History in Uptown

837 West Ainslie Street

Margaret Anderson

In 1914, Editor and writer Margaret Anderson founded "The Little Review," a literary magazine.  It featured work from Emma Goldman, Gertrude Stein, and Andre Breton.  Anderson lived here at 837 West Ainslie Street until she could no longer afford the rent.  The magazine introduced American readers to T.S. Eliot, Ezra Pound, William Butler Yeats, and James Joyce.

923 West Margate Terrace

Susan Lurie

Susan Lurie, who lived at 923 West Margate Terrace, was a close friend of Nathan Leopold and Richard Loeb, the two teenagers who kidnapped and murdered 14-year-old Bobby Franks in 1924.  Lurie joined Leopold for lunch the day before the police took him into custody.  She later told Assistant State's Attorney Joseph Savage that Leopold was "lighthearted--and in his attitude there was not the slightest uneasiness while we discussed the case."  Lurie said she even went dancing with Leopold the night after he murdered Franks.

History in Uptown
Clubs and theaters

4802 North Broadway Avenue

The Green Mill

The Green Mill Jazz Club originally opened in 1907 as Pop Morse’s Roadhouse at 4802 North Broadway Avenue.  Mourners on their way to a funeral at St. Boniface’s Cemetery would often stop in for a drink.  It was also popular with the silent film stars at Essanay Studios on nearby Argyle Street, including Charlie Chaplin, Wallace Beery, and “Broncho Billy” Anderson (who owned Essanay with George Spoor).  After a long day of filming, the actors would ride their horses to the roadhouse and tip a few.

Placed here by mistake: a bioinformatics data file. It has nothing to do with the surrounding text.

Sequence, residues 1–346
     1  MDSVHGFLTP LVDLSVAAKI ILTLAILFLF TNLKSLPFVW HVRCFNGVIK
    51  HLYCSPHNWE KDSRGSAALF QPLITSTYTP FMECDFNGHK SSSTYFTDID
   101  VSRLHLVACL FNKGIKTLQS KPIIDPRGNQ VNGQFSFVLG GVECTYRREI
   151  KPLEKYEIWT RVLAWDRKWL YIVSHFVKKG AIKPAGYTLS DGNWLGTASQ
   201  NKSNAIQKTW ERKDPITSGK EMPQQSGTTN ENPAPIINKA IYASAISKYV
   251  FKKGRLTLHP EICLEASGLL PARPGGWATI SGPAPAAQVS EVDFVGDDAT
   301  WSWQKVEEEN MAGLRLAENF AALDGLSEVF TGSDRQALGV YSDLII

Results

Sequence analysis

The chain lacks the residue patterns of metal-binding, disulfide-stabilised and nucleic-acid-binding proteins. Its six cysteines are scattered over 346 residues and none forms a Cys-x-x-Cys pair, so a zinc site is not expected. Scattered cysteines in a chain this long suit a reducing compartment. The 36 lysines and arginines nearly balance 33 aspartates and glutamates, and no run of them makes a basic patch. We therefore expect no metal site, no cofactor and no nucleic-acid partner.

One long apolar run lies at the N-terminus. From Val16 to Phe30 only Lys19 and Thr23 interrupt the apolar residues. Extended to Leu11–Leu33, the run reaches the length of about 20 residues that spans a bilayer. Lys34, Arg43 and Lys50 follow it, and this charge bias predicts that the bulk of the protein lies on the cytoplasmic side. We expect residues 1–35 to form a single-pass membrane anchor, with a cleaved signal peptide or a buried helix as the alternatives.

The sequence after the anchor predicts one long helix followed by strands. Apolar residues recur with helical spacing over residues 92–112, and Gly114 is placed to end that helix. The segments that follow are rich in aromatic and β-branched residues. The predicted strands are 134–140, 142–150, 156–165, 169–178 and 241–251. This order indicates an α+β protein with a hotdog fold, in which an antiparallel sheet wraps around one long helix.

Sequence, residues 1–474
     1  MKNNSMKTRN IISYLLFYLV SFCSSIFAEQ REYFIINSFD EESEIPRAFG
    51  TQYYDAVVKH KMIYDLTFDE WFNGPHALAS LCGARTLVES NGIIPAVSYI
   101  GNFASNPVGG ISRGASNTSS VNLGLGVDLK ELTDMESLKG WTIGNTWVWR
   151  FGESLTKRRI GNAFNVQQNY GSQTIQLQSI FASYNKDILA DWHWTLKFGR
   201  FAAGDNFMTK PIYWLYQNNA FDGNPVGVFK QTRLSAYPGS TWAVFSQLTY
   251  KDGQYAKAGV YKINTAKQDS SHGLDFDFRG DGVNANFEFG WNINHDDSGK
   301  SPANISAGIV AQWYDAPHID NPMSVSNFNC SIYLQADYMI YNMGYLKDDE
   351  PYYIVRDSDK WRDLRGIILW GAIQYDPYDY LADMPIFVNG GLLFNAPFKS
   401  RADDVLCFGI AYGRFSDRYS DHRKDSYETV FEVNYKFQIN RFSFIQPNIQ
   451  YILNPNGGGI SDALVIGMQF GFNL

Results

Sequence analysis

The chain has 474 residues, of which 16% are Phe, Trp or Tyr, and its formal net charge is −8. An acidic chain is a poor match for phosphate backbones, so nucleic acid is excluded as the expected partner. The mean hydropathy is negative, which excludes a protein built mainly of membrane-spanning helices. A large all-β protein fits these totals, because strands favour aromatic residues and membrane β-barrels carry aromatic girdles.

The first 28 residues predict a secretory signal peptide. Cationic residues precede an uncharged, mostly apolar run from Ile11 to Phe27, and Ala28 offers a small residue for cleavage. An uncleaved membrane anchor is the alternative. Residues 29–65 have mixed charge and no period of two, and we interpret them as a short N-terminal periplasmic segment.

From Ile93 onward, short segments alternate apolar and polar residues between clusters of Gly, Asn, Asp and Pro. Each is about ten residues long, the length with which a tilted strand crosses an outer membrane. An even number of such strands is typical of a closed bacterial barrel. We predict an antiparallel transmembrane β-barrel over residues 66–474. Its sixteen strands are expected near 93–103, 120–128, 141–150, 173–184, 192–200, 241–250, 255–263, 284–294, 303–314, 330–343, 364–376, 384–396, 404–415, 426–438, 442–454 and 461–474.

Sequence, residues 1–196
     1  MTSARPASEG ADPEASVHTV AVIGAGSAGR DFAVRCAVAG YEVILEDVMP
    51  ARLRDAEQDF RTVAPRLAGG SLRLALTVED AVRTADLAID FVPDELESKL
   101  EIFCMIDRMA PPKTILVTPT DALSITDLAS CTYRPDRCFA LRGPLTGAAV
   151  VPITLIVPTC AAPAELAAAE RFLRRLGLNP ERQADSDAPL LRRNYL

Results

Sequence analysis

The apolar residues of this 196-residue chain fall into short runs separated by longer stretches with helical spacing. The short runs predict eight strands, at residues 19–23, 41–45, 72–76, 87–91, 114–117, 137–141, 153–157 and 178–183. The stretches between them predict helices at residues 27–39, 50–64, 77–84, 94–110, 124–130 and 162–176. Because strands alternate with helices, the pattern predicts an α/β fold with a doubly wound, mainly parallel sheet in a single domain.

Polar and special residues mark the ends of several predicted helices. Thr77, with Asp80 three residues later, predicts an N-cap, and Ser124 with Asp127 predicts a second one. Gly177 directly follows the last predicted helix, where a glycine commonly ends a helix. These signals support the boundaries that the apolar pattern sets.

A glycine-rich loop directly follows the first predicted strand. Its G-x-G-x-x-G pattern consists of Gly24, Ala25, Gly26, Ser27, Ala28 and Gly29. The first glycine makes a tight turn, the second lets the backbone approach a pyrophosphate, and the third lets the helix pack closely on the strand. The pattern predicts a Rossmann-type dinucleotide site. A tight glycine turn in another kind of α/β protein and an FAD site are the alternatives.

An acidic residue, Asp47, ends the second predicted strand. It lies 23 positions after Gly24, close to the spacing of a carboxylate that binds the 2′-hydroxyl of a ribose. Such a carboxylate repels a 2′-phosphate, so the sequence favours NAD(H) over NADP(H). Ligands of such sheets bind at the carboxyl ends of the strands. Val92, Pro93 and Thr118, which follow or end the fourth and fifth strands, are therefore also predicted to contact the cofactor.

In 1910, the Roadhouse was acquired by the Chamales Brothers, who installed a giant green windmill on the roof and renamed it The Green Mill Gardens.  The new club opened in 1914 and allowed patrons to dance and drink in the gardens out back while enjoying live entertainment by such celebrities as Al Jolson, Eddie Cantor, Sophie Tucker, and Mary Pickford.  At the time, the Green Mill was massive and its “sunken gardens” could seat up to 2,500 people for outdoor concerts.

In the 1920s, it became a highly popular, fast-moving jazz club and classic speakeasy.  “Machine Gun” Jack McGurn, or Al Capone, or both, allegedly acquired an ownership interest in the business (though it could be urban myth).  At some point, and this part is not myth, McGurn sought to convince crooner and comedian Joe E. Lewis not to defect to the competing Rendez-Vous Café in pursuit of a better offer.  Lewis should have known better not to mess with gangsters.  Soon after he opened at the Rendez-Vous, McGurn and a few thugs greeted him at the door to his Commonwealth Hotel room, pistol-whipped him, and slit his throat from ear to ear.

The Green Mill remained wildly popular as a jazz club throughout the 1930s, 40s, and 50s, although jazz began to falter just as the Beatles were setting foot at Kennedy Airport.  Business tailed off over the years, but the club was purchased and restored to its Prohibition-era character in 1986.  Today it continues to thrive with a steady lineup of great jazz musicians.

History in Uptown
National Landmarks

1244 west carmen avenue

Bachman House

Architect Bruce Goff designed this home and studio for recording engineer Myron Bachman in 1948.  The city designated it a landmark on December 9, 1992.

600-900 blocks of west hutchinson street

Hutchinson Street District

This street district in uptown was designated as a landmark on august 31, 1977.  it contains some of the best examples of prairie style residences, many of which were designed by architect george w. maher.  the mixture of prairie style, classic revival, queen anne, and richardsonian romanesque "provides a unique perspective on the changes that took place in residential architecture between 1890 and 1920," according to the city of chicago's official tourism site.

600 west irving park road

Immaculata High School Building

This all-girls high school in uptown was open from 1921 to 1981.  it was designated as a landmark on july 27, 1983.  the school and convent buildings were designed by prairie school architect barry byrne, an apprentice of frank lloyd wright.